Microsoft has made it clear that it will go “all in” with it’s new Windows 8 operating system. The company’s future, image, and overall survivability in the computing industry ultimately depends on its flagship Windows product staying relevant with the times.It now brings a new logo to accompany its brand new operating system, which will bring a touch-based-designed user interface to Windows PCs and tablets.
A little recent background history on Microsoft’s design transition why Microsoft sees it fit to change the Windows logo now. Microsoft had been working on a redesign for its Windows Mobile OS since 2008. The design was based on a design interface it dubs “Metro,” which emphasizes solid colors, typography, minimalism, and little-to-no “interface chrome.” This interface was first used on its Zune device, and was spruced up for the Windows Phone 7 operating system. The reasoning behind Metro is that interface chrome gets in the way of content. Metro’s claim-to-fame is that it emphasizes content over interface, and it accomplishes this goal perfectly. With the Windows Phone 7.5 update, Microsoft changed the Windows Phone logo from having a circular border to having a more metro rectangle border. With that said, the Windows Phone logo should be expected to change in the future once again to follow the design principles of the new Windows 8 OS.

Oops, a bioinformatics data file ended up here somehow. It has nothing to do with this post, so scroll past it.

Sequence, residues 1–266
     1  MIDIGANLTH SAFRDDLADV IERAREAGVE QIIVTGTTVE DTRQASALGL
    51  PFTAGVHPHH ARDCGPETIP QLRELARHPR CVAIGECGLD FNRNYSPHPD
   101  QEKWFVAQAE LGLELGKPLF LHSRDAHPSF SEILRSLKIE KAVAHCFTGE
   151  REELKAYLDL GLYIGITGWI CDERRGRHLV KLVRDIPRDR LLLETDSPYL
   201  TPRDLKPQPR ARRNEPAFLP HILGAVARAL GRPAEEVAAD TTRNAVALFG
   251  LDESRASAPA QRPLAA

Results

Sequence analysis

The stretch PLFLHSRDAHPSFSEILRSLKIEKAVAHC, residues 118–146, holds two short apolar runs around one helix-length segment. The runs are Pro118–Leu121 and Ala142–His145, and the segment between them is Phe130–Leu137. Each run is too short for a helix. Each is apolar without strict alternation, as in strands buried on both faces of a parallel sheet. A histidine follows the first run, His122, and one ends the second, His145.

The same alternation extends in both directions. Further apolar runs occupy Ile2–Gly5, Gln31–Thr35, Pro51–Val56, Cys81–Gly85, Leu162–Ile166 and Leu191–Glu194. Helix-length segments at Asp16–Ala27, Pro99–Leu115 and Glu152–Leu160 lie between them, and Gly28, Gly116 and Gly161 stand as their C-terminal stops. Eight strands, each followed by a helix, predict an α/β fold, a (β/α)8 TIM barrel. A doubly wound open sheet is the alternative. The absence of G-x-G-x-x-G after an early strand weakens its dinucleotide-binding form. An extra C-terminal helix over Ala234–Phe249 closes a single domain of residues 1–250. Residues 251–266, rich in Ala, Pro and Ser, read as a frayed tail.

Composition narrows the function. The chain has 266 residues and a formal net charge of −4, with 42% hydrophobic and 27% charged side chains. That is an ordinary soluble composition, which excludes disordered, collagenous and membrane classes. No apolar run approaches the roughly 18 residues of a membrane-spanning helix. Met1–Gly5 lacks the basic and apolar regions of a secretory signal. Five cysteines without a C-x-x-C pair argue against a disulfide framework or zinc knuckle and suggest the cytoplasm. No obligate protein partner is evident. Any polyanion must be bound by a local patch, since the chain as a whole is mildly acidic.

Microsoft could have done the same thing with the current Windows logo, but it felt it wasn’t “risky” enough. The new Windows product looks nothing like the Windows of old. The start menu is gone. The task bar is gone. Icons have been replaced with live tiles. Interface tools called charms assist the user with searching their PC for what they are looking for. The interface doesn’t even have the same minimize/maximize/close buttons on them. User navigation in Windows 8 relies on touch gestures. Windows in Windows 8 just do not function at all like the windows people were used to using for the past two decades.
The Microsoft plan is to transfer all of its products to the Metro design language. To accomplish this, it must change everything that represented Microsoft’s past designs to its new design principles. Logos are the face of a product, and if the face of a product does not match the actual product’s design, it would not make sense, create confusion, and have non-linearity among a product line. To avoid these problems, Microsoft chose to finally change the Windows flag to a new, metro-inspired design.